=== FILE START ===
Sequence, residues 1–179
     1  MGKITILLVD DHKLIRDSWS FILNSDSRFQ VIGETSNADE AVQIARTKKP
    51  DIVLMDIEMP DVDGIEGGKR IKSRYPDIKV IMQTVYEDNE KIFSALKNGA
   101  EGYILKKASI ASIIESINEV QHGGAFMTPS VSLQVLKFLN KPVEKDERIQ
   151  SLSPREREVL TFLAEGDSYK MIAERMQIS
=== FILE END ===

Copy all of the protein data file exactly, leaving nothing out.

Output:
Sequence, residues 1–179
     1  MGKITILLVD DHKLIRDSWS FILNSDSRFQ VIGETSNADE AVQIARTKKP
    51  DIVLMDIEMP DVDGIEGGKR IKSRYPDIKV IMQTVYEDNE KIFSALKNGA
   101  EGYILKKASI ASIIESINEV QHGGAFMTPS VSLQVLKFLN KPVEKDERIQ
   151  SLSPREREVL TFLAEGDSYK MIAERMQIS